Carl Paladino and Newt Gingrich (AP)

Is Tea Party hubris still driving the GOP?

Newt Gingrich's rise suggests Republicans may not have learned from the warning signs of 2010


Steve Kornacki
December 2, 2011 6:12PM (UTC)

The reasons to assume that Newt Gingrich, who claimed a 21-point lead in a Rasmussen Reports poll of national Republicans released Thursday, will ultimately fizzle out are well-established by now.

He’s saddled with formidable baggage and a host of self-destructive tendencies and has failed to raise money (at least until very recently), run television ads, attract support from Republican elected officials and party leaders, and assemble anything that might be confused with a serious campaign organization. And his nomination would be a “heaven-sent” gift to President Obama, whose presidency Republicans have dreamed of ending since the moment it began. There’s just no way a candidacy like this should succeed.

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But there’s one compelling argument for why it could anyway: What happened last year.

The 2010 midterm elections are rightly remembered as a full-scale rout for the Republican Party, which posted a net gain of more than 60 House seats, came close to erasing a 10-seat deficit in the Senate, and swept to power in statehouses across the country. But the other major theme of ’10 was the emergence of a powerful, decentralized, “purity”-obsessed force within the GOP, one that propelled candidates who were at least as implausible as Gingrich to stunning victories in several high-profile primaries.

That force, of course, was the Tea Party movement, which represented the right’s angry response both to the election of a Democratic president and to the Republican Party leader who (in the right’s view) had spent the aughts selling out conservative principles and enabling Obama’s rise. Thus did the Tea Party commit itself not just to defeating Democrats in the 2010 general election but also to nominating reliable true believers with independence from the GOP establishment.

In many cases where Tea Party candidates prevailed in primaries, it didn’t affect the GOP’s November prospects. This was particularly true in House races, where district lines are often drawn to give one party a clear advantage and where individual candidates don’t receive the kind of scrutiny and press coverage they would in higher-profile contests. But at the statewide level, victories by a handful of Tea Party favorites who before the Obama presidency would have been dismissed as gadflies caused severe general election complications.

The most famous example came in Nevada, where Republican primary voters insisted on nominating Sharron Angle, an erratic right-winger who ended up scaring off swing voters who had been eager to throw out Harry Reid. There was also Christine O’Donnell in Delaware, Ken Buck in Colorado, and Joe Miller in Alaska, all of whom went on to lose what would otherwise have been winnable fall races for the GOP. You could probably add Carl Paladino to this list; even though there was little chance that Republicans were going to beat Andrew Cuomo in New York’s gubernatorial race, Paladino’s landslide primary triumph over former Rep. Rick Lazio spoke to the depth of Tea Party rage. So did Rick Scott’s victory over former Rep. Bill McCollum in Florida’s gubernatorial primary, even if Scott did somehow eke out a win in November.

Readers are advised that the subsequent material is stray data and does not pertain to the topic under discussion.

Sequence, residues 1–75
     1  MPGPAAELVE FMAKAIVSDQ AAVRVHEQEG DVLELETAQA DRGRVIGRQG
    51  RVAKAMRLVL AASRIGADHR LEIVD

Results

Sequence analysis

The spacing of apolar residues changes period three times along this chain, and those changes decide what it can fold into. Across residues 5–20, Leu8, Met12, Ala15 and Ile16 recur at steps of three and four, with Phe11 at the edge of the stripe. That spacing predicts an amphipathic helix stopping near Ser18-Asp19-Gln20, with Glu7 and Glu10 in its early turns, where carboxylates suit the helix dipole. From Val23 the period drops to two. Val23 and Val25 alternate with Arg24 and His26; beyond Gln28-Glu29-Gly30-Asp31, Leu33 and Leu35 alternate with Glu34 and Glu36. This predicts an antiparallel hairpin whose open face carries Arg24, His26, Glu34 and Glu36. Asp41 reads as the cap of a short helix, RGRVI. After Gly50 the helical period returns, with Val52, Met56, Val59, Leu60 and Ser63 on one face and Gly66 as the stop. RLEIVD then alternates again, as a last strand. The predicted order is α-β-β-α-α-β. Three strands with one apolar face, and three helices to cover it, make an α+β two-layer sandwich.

The question is whether all of this tells us anything about how a Gingrich-Romney fight might play out. It’s certainly possible that it doesn’t. After all, presidential nominating contests are much different from individual statewide races for Senate seats and governorships. All sorts of powerful people – interest group leaders, single issue advocates, media commentators, fundraisers, political professionals, elected officials up and down the ballot across the country – are heavily invested in the outcome, and committed to shaping it. The scrutiny is far more intense. And the process is spread out, giving influential party leaders time to react to surprise developments in early primaries and caucuses. It’s a lot harder for a fringe candidate to slip through.

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On the other hand, the Tea Party conservatism remains prevalent within the GOP. The constant threat of a revolt from the right is why House Speaker John Boehner has spent 2011 advancing a politically toxic agenda and forcing one damaging showdown after another with Obama – and it’s why just about every Republican in the House has gone along with him, even those with more pragmatic tendencies. It’s also why Romney, despite being well-liked at a personal level by most Republican voters, has been unable to push past 25 percent in polls, even as his opponents self-destructed and the political world declared him inevitable. Evidently, a major chunk of the Republican universe wants the party led by an ideologically pure outsider.

In many cases, the Tea Party candidates who won primaries in 2010 did so even after Republican voters were warned that backing them would be suicidal. If that spirit is still alive and well, then it may be a mistake to write off Gingrich now.

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Steve Kornacki

Steve Kornacki is an MSNBC host and political correspondent. Previously, he hosted “Up with Steve Kornacki” on Saturday and Sunday 8-10 a.m. ET and was a co-host on MSNBC’s ensemble show “The Cycle.” He has written for the New York Observer, covered Congress for Roll Call, and was the politics editor for Salon. His book, which focuses on the political history of the 1990s, is due out in 2017.

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